If you take it really seriously, parenthood is the most challenging job you’ll ever have. The hours are long and the pay stinks. It requires the most emotional investment and the greatest patience. And no matter how well you do it, there will always be that nagging little voice in your head wondering, “Should I have handled that differently?” But parenthood is also the most rewarding and important role you’ll ever play. And the good news is that we're all in this together...

Saturday, December 1, 2012


I’m really not one of those people who shouts at the TV. Or at least I haven’t been until now. But there’s something about the folks on “Parenthood” that really push my buttons. I like the show. It’s topical, dealing with a lot of real situations families often confront on a daily basis, and it’s one of the few shows my daughter and I actually make time to watch together. That’s why it’s seems so out of character for me to be verbally berating the main family figures and their unfortunate foibles. “Ooh, bad call,” I moan
as a child practically begging to be heard and hugged instead gets the cool rational approach from her parents.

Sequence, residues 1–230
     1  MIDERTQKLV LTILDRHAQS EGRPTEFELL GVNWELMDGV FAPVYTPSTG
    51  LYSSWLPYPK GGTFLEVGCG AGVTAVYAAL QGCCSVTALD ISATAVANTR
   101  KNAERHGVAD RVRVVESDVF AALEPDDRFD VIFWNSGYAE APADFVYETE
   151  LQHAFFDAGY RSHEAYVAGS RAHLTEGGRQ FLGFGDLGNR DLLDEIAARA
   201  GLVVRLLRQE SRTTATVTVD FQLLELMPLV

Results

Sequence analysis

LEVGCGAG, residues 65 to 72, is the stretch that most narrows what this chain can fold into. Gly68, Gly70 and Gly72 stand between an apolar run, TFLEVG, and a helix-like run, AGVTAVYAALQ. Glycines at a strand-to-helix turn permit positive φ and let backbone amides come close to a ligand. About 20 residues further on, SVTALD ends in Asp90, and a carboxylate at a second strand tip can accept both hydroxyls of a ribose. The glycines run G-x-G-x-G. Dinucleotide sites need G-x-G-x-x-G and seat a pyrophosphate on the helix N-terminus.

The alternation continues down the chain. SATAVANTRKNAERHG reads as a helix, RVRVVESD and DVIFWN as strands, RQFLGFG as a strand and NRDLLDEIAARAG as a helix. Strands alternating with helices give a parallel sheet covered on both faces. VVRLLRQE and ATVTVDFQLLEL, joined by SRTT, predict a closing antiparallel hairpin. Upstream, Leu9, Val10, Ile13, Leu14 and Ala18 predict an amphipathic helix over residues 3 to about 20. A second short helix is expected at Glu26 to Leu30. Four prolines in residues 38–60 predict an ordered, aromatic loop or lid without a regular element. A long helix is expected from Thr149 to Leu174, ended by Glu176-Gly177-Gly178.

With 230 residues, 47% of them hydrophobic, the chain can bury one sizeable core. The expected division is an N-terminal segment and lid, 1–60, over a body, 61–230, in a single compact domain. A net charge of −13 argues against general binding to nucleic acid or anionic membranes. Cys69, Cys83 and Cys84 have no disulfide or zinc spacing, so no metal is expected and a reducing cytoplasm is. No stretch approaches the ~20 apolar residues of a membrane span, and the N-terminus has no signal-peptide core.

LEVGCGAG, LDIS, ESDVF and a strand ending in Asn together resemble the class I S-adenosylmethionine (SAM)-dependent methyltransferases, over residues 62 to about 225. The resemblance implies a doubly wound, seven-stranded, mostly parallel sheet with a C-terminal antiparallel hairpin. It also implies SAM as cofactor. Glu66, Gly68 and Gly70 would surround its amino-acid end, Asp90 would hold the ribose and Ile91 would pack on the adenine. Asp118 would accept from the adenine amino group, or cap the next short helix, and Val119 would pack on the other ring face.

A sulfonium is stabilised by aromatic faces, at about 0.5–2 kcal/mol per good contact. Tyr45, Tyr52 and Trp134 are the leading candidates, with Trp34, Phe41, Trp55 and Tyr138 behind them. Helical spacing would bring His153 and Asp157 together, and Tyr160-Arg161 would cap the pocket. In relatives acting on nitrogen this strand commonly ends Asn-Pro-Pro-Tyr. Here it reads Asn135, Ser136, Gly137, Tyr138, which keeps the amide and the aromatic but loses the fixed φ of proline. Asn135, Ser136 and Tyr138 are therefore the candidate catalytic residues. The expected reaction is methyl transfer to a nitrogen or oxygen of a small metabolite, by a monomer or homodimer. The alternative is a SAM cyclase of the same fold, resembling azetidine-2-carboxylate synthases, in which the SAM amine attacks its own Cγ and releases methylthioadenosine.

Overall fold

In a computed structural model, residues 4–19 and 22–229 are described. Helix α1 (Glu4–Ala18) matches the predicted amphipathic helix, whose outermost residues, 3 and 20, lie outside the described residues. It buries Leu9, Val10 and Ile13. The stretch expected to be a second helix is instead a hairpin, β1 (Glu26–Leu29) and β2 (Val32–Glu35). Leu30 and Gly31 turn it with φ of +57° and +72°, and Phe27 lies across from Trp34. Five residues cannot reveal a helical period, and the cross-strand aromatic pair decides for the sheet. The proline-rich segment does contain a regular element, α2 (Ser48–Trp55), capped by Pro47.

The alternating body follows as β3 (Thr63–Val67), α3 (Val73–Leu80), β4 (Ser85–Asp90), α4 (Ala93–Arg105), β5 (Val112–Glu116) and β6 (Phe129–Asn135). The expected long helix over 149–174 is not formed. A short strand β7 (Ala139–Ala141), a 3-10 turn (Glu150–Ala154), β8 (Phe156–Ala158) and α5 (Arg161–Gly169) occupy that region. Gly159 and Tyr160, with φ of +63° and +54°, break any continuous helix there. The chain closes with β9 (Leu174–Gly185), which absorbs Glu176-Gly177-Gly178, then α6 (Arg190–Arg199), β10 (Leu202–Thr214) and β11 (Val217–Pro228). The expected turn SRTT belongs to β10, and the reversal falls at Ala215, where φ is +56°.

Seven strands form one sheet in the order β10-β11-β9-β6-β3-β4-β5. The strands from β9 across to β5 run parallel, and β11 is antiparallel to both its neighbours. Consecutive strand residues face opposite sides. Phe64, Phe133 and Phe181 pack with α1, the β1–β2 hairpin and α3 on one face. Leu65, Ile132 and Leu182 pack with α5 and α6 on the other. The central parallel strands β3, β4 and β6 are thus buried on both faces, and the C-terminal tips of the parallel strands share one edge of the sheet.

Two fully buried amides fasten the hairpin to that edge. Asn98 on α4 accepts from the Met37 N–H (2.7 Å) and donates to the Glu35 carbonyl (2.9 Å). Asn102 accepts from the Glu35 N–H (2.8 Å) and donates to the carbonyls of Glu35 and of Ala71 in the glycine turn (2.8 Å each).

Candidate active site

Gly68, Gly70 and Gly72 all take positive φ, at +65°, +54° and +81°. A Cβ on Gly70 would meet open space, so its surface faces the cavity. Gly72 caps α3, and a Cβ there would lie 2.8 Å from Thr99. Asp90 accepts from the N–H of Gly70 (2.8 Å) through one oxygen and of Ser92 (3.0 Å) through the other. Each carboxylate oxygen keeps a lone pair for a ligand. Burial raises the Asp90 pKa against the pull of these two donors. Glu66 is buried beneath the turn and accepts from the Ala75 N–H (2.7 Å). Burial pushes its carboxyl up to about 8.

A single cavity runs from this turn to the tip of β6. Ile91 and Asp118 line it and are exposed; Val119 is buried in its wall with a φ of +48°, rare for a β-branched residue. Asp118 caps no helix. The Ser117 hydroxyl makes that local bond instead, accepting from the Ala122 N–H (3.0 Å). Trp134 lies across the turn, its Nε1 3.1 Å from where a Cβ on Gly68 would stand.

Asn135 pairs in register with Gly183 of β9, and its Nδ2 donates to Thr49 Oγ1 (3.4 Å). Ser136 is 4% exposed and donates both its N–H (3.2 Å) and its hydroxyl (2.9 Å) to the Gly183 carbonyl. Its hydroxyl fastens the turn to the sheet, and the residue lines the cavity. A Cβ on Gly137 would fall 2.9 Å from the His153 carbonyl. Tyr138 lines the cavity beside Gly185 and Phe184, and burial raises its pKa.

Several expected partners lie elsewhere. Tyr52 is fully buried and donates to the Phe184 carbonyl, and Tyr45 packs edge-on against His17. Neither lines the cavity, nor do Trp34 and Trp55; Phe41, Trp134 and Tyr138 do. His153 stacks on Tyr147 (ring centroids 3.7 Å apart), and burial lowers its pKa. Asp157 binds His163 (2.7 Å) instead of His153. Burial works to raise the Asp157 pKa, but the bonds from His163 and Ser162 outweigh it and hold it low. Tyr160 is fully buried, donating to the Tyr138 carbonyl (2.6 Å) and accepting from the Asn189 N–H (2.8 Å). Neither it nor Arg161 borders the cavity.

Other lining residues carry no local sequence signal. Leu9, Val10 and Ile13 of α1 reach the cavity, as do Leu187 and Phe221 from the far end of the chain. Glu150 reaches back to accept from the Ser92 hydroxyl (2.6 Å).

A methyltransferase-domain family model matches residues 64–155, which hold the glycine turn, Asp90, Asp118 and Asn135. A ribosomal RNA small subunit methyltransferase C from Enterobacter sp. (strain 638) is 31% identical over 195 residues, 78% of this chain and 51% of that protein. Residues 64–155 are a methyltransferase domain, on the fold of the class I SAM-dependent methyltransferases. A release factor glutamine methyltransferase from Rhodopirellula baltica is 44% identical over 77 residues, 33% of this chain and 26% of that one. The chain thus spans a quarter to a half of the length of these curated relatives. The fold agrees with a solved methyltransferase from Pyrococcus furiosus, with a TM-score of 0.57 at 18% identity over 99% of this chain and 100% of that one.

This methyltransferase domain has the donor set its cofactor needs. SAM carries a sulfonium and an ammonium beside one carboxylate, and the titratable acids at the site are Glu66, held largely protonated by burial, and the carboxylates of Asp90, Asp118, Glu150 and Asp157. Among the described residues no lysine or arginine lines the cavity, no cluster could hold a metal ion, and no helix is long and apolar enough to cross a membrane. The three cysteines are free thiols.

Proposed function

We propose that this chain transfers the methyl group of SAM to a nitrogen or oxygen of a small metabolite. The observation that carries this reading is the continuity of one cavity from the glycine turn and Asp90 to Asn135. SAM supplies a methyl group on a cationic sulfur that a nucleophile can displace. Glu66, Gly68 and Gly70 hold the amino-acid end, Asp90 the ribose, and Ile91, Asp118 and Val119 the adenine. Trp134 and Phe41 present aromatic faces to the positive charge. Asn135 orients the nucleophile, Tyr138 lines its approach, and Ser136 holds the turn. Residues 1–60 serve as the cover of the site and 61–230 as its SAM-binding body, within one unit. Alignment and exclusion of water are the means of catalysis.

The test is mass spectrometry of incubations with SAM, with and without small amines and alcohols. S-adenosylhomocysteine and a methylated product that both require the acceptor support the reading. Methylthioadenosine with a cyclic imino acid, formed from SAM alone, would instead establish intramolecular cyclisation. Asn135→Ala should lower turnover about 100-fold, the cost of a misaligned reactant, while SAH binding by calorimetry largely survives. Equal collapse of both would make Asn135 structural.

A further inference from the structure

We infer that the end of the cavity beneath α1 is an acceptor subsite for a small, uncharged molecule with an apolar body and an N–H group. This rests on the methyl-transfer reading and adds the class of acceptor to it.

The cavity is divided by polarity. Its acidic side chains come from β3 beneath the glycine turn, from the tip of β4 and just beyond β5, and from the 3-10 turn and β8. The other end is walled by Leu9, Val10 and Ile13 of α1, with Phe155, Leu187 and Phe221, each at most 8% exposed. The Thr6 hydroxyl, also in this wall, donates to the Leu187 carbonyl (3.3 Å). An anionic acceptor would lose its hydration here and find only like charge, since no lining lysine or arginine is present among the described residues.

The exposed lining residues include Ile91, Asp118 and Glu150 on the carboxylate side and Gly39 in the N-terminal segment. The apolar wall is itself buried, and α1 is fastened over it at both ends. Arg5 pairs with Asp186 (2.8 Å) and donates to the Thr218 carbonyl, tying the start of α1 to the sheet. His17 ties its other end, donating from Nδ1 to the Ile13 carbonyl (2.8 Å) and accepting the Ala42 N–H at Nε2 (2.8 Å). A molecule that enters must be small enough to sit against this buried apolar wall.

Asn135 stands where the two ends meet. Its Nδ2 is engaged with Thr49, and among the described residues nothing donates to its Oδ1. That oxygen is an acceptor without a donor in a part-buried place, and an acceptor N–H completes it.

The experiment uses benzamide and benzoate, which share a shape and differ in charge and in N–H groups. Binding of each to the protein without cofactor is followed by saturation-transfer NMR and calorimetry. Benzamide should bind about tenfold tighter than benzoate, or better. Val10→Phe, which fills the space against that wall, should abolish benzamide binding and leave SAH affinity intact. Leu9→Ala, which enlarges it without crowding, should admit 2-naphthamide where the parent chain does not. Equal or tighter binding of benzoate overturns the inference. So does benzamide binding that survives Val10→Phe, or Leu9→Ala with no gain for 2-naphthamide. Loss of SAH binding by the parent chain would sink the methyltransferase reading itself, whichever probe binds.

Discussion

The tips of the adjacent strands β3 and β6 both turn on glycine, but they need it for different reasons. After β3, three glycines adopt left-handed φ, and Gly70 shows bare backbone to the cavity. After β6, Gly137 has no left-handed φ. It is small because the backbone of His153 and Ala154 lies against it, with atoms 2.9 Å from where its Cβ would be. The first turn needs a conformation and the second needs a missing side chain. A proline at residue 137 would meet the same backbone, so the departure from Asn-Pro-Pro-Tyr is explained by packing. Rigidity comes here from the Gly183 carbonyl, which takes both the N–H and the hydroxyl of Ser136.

In real life, I try hard to set a good example for my daughter, not be so judgmental, try to empathize, see both sides of a story, put myself in the other person’s shoes. But, Jeez Louise, how many bad decisions can the writers cram into one 48 minute show? The character of Sarah is particularly egregious – hyper-vigilant, nosy, untrusting of her children, and overbearing and manipulative in the politest of ways. “Don’t’ do it!” I yell, just before she makes plans to ditch an important weekend with her fiancĂ©e to enable the dysfunction of her boss. (How did her daughter Amber turn out to be so grounded, so sensitive, so sensible?)

And part of my frustration is watching the characters talk over one another – often three or more at once and usually at high volume. Most of these folks don’t know how to listen to one another, a situation I point out time and time again to my daughter as we watch. “Shut up and listen,” I burst out, but they never do.

So yeah, I’m yelling at the TV in front of my daughter. I have my little harangue, then often apologize.  But maybe it’s not so bad. Perhaps there’s a little teaching moment in here – both my behavior and the show’s hapless family. “Yeah, Sarah drives me crazy, too,” my daughter confesses.

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